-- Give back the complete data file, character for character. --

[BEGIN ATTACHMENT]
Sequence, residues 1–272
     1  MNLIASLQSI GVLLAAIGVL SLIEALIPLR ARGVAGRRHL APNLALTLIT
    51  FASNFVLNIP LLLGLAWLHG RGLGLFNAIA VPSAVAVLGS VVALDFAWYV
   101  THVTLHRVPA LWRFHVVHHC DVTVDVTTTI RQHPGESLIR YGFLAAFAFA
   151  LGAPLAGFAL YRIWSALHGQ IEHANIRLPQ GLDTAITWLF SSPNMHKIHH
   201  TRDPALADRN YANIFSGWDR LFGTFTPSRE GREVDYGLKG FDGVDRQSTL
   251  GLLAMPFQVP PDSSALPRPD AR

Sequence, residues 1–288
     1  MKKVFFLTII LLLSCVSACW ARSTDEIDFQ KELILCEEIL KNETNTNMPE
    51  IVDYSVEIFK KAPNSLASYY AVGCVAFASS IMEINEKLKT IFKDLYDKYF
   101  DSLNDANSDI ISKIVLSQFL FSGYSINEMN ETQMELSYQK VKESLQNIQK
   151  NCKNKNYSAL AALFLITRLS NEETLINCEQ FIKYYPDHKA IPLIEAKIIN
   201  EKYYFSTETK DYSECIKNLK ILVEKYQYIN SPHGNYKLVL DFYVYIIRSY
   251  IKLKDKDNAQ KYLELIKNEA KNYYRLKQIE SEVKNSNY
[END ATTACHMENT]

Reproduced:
Sequence, residues 1–272
     1  MNLIASLQSI GVLLAAIGVL SLIEALIPLR ARGVAGRRHL APNLALTLIT
    51  FASNFVLNIP LLLGLAWLHG RGLGLFNAIA VPSAVAVLGS VVALDFAWYV
   101  THVTLHRVPA LWRFHVVHHC DVTVDVTTTI RQHPGESLIR YGFLAAFAFA
   151  LGAPLAGFAL YRIWSALHGQ IEHANIRLPQ GLDTAITWLF SSPNMHKIHH
   201  TRDPALADRN YANIFSGWDR LFGTFTPSRE GREVDYGLKG FDGVDRQSTL
   251  GLLAMPFQVP PDSSALPRPD AR

Sequence, residues 1–288
     1  MKKVFFLTII LLLSCVSACW ARSTDEIDFQ KELILCEEIL KNETNTNMPE
    51  IVDYSVEIFK KAPNSLASYY AVGCVAFASS IMEINEKLKT IFKDLYDKYF
   101  DSLNDANSDI ISKIVLSQFL FSGYSINEMN ETQMELSYQK VKESLQNIQK
   151  NCKNKNYSAL AALFLITRLS NEETLINCEQ FIKYYPDHKA IPLIEAKIIN
   201  EKYYFSTETK DYSECIKNLK ILVEKYQYIN SPHGNYKLVL DFYVYIIRSY
   251  IKLKDKDNAQ KYLELIKNEA KNYYRLKQIE SEVKNSNY